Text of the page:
The differences between a welfare state like Finland and a developing country are rather easy to spot once you get out of the airport, if not earlier.
Coming from an “Arab Spring” country, it was not the easiest task to write about Finland. Almost every Finnish person I have met is proud of the welfare state Finns built over the past 100 years. They will proudly tell you that things were not always this easy, before cleverly showing off the innovations they resourcefully came up with during these harsher times.
You see, Finland can easily impress a group of 20 journalists from across the globe.
While such a beautiful country like Finland should or doesn’t normally evoke such dreary thoughts, I could not help but feel bittersweet while experiencing all the grandeur of modern day Helsinki.
I dare not speak on anyone’s behalf nor tie Finland or the Finnish model to the 2011 uprising which ousted former Egyptian President Hosni Mubarak. The fact is Finland remains a largely obscure country to most Egyptians.
But we Egyptians each wanted a different model for the “new Egypt” after the uprising. Some were hoping for drastic change while others wanted none at all, some wanted a Western style democracy, others sought for a far more conservative, religious-based model.
Sure, we did not want the Finnish model nor even had Finland in mind when we held the uprising but I believe that so much of what we were demanding is right here in Finland where public transportation is punctual and accessible to all, and modernity and nature are not mutually exclusive. Rather the country is carefully designed to cater to a modern, productive society, while preserving the country’s breathtaking nature.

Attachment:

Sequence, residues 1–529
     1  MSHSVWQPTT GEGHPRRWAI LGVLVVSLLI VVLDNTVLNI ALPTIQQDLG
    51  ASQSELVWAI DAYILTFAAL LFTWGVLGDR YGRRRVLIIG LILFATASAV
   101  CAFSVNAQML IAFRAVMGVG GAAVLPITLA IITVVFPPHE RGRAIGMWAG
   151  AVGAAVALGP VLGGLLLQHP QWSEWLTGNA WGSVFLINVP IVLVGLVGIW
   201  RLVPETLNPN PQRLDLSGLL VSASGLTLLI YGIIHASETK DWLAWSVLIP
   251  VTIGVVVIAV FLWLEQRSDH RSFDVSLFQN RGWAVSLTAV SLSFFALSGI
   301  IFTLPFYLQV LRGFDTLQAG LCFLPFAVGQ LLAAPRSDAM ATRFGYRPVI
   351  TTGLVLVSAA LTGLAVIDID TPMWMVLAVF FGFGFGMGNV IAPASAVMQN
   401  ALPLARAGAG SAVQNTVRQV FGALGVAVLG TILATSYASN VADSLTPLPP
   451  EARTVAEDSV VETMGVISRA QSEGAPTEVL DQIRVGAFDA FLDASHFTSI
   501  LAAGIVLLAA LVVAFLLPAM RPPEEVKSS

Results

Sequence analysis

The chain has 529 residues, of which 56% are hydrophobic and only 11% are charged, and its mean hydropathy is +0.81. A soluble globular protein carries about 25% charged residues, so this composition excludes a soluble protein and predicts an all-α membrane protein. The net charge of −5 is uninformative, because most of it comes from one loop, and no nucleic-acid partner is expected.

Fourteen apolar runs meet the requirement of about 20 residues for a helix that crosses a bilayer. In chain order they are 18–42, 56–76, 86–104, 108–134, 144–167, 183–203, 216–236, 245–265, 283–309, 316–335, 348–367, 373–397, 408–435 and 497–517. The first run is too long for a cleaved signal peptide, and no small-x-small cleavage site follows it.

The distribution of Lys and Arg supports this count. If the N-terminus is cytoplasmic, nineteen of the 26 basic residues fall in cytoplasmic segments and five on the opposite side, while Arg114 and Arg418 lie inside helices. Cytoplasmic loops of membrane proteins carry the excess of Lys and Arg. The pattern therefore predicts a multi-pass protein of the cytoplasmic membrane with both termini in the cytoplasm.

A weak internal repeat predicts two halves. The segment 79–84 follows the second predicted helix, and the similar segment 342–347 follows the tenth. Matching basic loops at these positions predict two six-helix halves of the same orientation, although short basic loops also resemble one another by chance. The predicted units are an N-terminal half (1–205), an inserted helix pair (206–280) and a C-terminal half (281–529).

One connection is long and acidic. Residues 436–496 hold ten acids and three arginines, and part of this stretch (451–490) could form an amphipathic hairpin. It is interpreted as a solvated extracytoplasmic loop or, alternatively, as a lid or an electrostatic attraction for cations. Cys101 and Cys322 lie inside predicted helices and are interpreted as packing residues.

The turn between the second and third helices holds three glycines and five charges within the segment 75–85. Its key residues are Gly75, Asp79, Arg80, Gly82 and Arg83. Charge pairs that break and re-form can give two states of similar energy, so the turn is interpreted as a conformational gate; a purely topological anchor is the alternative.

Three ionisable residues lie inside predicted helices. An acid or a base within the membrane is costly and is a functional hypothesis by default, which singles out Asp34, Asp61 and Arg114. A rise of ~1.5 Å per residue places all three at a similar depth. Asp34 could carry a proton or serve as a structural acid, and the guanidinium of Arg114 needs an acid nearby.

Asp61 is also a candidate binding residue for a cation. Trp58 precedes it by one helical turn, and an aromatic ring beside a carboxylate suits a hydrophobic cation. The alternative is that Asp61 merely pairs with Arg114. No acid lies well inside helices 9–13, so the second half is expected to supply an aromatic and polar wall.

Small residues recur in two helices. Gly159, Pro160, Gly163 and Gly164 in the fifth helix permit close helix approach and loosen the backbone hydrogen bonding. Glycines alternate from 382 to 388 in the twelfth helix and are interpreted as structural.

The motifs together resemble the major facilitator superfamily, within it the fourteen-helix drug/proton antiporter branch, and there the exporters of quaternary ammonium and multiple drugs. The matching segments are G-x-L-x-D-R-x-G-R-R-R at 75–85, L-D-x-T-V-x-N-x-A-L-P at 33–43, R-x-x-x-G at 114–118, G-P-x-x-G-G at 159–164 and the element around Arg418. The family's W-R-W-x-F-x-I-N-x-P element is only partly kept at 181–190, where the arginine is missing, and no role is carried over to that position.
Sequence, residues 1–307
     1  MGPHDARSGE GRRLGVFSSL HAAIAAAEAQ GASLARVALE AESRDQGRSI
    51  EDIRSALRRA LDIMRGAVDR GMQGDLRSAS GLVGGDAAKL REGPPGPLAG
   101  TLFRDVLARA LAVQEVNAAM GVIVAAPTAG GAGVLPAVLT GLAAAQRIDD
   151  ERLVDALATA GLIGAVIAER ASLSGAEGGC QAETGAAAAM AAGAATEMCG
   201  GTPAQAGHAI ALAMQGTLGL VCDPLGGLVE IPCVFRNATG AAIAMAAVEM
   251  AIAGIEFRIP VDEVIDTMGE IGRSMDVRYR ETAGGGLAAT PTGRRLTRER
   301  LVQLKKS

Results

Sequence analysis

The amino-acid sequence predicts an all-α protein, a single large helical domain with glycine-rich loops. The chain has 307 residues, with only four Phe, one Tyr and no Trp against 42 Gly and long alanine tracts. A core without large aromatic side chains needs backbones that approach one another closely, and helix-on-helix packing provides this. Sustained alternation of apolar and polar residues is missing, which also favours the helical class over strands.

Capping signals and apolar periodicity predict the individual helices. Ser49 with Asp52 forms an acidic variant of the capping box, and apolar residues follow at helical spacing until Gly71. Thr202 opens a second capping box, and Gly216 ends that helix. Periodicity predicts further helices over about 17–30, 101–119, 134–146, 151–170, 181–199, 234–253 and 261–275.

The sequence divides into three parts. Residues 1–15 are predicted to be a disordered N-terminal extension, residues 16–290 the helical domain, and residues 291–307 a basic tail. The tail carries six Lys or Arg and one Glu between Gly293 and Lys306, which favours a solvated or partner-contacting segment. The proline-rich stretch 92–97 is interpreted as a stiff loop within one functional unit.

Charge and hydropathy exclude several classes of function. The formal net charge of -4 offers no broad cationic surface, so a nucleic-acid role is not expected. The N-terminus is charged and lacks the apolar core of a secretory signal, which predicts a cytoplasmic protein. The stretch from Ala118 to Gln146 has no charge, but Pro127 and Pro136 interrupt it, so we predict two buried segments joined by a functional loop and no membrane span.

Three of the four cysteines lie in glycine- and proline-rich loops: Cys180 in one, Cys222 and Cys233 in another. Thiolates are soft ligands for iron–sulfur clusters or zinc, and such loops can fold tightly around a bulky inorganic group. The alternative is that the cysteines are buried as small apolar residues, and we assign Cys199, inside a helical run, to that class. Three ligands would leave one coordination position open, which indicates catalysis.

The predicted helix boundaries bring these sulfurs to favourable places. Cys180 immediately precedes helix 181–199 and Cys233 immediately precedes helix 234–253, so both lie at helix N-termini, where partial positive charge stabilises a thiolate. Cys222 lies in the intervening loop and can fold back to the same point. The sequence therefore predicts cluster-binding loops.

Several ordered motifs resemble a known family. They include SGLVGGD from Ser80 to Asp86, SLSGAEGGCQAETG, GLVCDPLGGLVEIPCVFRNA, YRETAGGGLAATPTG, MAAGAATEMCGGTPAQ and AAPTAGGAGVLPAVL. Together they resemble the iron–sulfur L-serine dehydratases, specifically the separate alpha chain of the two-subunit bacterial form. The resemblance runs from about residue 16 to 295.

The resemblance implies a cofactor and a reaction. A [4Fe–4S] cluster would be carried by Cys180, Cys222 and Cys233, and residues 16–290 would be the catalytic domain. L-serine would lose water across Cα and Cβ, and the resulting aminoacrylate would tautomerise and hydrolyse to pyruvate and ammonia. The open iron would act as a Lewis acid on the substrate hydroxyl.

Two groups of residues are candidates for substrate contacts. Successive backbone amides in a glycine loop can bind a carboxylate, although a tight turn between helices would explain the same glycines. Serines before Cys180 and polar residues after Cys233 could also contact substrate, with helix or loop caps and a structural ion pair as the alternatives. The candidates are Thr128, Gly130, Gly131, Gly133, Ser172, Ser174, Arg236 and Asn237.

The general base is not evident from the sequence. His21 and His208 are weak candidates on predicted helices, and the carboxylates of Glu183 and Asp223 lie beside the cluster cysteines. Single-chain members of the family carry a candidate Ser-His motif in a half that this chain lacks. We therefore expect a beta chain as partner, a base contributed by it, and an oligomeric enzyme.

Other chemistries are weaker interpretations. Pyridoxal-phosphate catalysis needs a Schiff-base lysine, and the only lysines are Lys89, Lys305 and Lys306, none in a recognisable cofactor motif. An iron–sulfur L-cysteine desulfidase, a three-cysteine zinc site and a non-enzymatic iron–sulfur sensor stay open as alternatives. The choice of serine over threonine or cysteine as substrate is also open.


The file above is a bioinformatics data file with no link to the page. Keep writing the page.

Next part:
Education firm Pearson ranked Finland as the first in education among developed countries in 2012. Finland is fourth in child well being, according to a 2013 UNICEF report and first on the Networked Readiness Index published in a 2013 report by the World Economic Forum and INSEAD. The free street internet was rather enjoyable, I must say.
Yet, with a population of only 5.6 million and all these achievements at hand, the welfare state is relentlessly trying to develop itself and Finns know that they have to put in a lot of hard work to maintain this quality of life. They are diligently preserving and celebrating their history while at the same time investing in ecological sustainability, and cutting edge technology for waste management. One Finnish company produces robots to reduce the amount of waste from construction and demolition work.
Back in Egypt, the situation has never been more bleak and the chant that echoed across Egypt, “bread, freedom, social justice,” is becoming a distant memory because there have been no real improvements in any of the three aspects of life.
The Finnish model obviously is one that works for the Finnish society. It cannot be adopted in a random developing country because people act, think and behave differently in different parts of the world but one cannot help but wonder, will Egyptians ever have their own version of the Finnish dream or will the country of thousands of years of civilization continue to spiral towards a failed state?